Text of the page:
Sunday, 8 March 2020

The Royal Ballet's "Onegin"

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Royal Ballet Onegin Royal Opera House 18 Jan 2020, 13:30

The last time I saw the Royal Ballet's Onegin, I wrote:
"That night I saw something wonderful. Cranko's Onegin danced by Matthew Golding in the title role, Natalia Osipova as Tatiana, Matthew Ball as Lensky and Bennet Gartside as Prince Gremin. It was quite simply the most enjoyable performance by the Royal Ballet that I had seen since the days of Sibley and Dowell." (See Onegin: the most enjoyable performance that I have seen at the House since Sibley and Dowell 21 Feb 2015).
Although I knew what to expect and saw a very different interpretation with Thiago Soares in the title role, Itziar Mendizabal as Tatiana, David Donnelly as Lensky and Meaghan Grace Hinkis as Olga, I was as thrilled second time around as I had been the first time I saw the ballet.

As before, it was the choreography that thrilled me.  In my 2015 review, I described John Cranko as my favourite choreographer of all time and so he remains.   I said: "Cranko understood and interpreted music in a way that produces a fluency that is instantly recognizable but hard to describe".  But that was not all.  I added:  "He was also a great storyteller with a sense of humour."  Not so much humour perhaps as in The Taming of the Shrew which remains my favourite work by Cranko but there is a great story of which many of us in the English speaking world would otherwise have been unaware.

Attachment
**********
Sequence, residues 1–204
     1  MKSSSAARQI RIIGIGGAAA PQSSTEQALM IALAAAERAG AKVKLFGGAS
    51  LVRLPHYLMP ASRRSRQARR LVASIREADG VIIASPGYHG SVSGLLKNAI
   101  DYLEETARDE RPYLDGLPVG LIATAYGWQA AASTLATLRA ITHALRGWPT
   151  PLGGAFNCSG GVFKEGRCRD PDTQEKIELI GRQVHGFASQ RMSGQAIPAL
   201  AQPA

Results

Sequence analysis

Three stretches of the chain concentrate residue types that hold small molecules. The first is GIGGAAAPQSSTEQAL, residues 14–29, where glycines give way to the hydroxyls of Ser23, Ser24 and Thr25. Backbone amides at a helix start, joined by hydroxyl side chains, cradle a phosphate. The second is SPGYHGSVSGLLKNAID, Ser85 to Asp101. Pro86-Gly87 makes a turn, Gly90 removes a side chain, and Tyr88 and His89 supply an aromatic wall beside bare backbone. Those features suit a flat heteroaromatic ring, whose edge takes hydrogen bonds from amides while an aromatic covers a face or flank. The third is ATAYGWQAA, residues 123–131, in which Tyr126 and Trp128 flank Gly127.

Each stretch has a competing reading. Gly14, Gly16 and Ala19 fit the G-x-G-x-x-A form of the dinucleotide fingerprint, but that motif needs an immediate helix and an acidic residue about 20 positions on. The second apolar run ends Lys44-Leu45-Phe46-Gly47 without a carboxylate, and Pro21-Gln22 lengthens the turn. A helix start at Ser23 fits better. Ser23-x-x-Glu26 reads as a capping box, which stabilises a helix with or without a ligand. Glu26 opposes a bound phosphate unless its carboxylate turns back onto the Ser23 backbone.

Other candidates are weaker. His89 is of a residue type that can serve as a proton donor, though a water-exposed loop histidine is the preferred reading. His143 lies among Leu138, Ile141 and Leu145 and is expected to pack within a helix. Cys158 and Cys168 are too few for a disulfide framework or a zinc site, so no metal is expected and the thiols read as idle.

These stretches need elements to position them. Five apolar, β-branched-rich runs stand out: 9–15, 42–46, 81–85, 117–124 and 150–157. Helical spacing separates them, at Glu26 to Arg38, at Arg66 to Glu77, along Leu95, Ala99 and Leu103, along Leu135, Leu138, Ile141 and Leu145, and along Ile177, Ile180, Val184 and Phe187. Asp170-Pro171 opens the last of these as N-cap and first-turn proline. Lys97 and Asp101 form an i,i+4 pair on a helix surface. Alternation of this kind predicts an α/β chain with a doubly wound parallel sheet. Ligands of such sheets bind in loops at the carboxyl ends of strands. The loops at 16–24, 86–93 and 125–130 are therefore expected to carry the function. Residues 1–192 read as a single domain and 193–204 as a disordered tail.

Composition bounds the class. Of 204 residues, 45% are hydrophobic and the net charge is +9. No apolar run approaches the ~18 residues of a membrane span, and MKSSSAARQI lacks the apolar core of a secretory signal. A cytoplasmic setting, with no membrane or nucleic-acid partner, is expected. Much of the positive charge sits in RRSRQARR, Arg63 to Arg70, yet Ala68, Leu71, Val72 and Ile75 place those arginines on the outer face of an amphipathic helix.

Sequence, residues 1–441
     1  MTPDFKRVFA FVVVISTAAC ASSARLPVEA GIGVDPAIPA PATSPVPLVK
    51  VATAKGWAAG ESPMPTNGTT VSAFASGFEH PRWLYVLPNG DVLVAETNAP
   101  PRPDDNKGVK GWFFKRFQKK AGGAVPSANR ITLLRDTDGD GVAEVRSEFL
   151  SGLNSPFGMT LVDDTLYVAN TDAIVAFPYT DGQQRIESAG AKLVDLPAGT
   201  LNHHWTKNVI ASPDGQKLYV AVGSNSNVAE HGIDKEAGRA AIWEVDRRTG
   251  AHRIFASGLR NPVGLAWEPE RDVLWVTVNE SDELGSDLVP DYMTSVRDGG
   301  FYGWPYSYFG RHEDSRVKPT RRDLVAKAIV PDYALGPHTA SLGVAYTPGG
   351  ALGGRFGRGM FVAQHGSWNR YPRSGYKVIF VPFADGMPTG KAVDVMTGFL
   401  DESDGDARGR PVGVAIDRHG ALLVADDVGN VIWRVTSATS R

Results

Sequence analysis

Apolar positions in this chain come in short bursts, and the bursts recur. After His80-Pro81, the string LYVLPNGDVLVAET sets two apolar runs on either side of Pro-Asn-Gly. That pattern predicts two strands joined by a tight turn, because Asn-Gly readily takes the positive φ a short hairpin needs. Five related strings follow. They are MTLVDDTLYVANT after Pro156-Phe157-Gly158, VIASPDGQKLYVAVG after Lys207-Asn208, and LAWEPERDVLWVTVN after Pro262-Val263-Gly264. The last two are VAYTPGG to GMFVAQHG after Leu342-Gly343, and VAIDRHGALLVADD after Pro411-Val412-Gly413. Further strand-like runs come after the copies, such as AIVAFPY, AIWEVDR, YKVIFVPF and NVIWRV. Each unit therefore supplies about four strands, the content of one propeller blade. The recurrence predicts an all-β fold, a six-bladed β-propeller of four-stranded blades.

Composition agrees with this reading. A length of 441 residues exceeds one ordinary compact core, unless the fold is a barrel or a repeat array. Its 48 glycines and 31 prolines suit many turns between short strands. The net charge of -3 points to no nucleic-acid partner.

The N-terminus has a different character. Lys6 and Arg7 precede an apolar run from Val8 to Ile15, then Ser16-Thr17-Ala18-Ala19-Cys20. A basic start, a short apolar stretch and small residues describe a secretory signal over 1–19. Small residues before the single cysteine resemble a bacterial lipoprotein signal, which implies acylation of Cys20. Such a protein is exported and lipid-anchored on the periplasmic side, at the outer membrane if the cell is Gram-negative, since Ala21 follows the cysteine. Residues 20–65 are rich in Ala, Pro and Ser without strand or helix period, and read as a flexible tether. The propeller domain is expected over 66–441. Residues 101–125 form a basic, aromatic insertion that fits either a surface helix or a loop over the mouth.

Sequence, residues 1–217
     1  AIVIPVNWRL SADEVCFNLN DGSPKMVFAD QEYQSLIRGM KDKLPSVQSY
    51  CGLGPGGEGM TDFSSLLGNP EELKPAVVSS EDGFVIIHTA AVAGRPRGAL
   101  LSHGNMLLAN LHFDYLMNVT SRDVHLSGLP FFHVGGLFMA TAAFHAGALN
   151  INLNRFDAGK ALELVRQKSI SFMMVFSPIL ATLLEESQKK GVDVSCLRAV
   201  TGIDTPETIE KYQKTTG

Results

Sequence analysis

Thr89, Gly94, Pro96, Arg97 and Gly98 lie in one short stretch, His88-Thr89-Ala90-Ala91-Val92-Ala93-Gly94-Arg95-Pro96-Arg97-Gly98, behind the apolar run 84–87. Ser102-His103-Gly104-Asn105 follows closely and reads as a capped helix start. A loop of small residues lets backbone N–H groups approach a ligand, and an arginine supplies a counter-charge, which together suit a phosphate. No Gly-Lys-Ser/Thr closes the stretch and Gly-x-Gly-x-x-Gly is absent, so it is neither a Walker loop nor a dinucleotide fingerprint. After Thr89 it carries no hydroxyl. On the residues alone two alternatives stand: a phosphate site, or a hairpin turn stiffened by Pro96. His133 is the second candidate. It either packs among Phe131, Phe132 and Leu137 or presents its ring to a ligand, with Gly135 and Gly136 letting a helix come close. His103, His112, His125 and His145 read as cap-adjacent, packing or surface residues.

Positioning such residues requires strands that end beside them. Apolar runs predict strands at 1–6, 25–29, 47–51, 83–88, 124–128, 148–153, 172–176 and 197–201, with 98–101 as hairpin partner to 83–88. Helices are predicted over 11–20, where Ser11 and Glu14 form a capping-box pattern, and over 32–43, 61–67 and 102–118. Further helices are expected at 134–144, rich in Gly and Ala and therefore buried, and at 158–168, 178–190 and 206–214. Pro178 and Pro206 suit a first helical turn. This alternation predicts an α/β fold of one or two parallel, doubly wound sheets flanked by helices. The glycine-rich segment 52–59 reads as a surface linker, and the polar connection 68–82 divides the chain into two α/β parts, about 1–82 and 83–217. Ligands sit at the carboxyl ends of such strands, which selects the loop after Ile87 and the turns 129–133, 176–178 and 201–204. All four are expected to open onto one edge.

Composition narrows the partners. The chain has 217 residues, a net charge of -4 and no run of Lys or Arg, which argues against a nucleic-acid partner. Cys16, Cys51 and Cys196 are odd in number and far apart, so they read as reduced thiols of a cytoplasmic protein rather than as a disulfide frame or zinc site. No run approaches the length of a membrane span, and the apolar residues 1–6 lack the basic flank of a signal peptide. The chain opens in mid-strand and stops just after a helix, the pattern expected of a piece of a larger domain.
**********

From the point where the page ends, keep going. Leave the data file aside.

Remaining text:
Soares's Onegin was very different from Golding's.  I had described Goldring's portrayal as "steely, amoral but ultimately foolish" but I saw complexities in Onegin's character that I had missed before.  I believe that he was conflicted and he had certainly matured between his duel with Lensky and his reacquaintance with Tatiana in St Petersburg.  Maybe I would have picked that up from seeing the ballet again but I am not sure.  Soares has the ability to communicate mood and maybe even thought.

I also learnt something new about Tatiana from Mendizabal. With Osipova I sensed revenge in the last act but Mendizabal seemed much more conflicted. It was if she still had feelings for Onegin despite the way he had humiliated her at her party and the quite unnecessary duel with Lemsky. She must have known that running away with him would have ruined her.  She would have thought that if he was capable of dropping her once he could do it again.  She had a good husband.  All that anyone could want.  And yet,  She was tempted.  Happily, she listened to her head rather than her heart and sent Onegin packing.  Some ballets do have a happy ending.

Grace Hinkis was a great Olga and Donnelly a loyal but headstrong Lensky.  Watching the run-up to the duel was like watching a video of a train crash in slow motion. A bit like the scene in Romeo and Juliet where Mercution picks a fight with Tybalt that possibly end well.     

There are some steps for the corps that must require lots of rehearsing. For instance, the folk dance towards the end of Act I with the girls' jetés on the arms of their partners who march off stage but do not run.

Jurgen Rose's set designs, particularly of the outdoor scenes and especially the venue for the duel, impressed me as much as they did the first time I saw them. The first rays of dawn were a triumph of lighting design.  The costumes were gorgeous.  I am not a big fan of rearranging music that was never intended for dance I make an exception for Kurt-Heinz Stoltze's score.

I had expected the matinee to be eclipsed by English National Ballet's gala at the Coliseum which I saw a few hours later but, if anything, it was the other way round.  Onegin is a great classical ballet created in our own time which is why so many leading companies around the world stage it.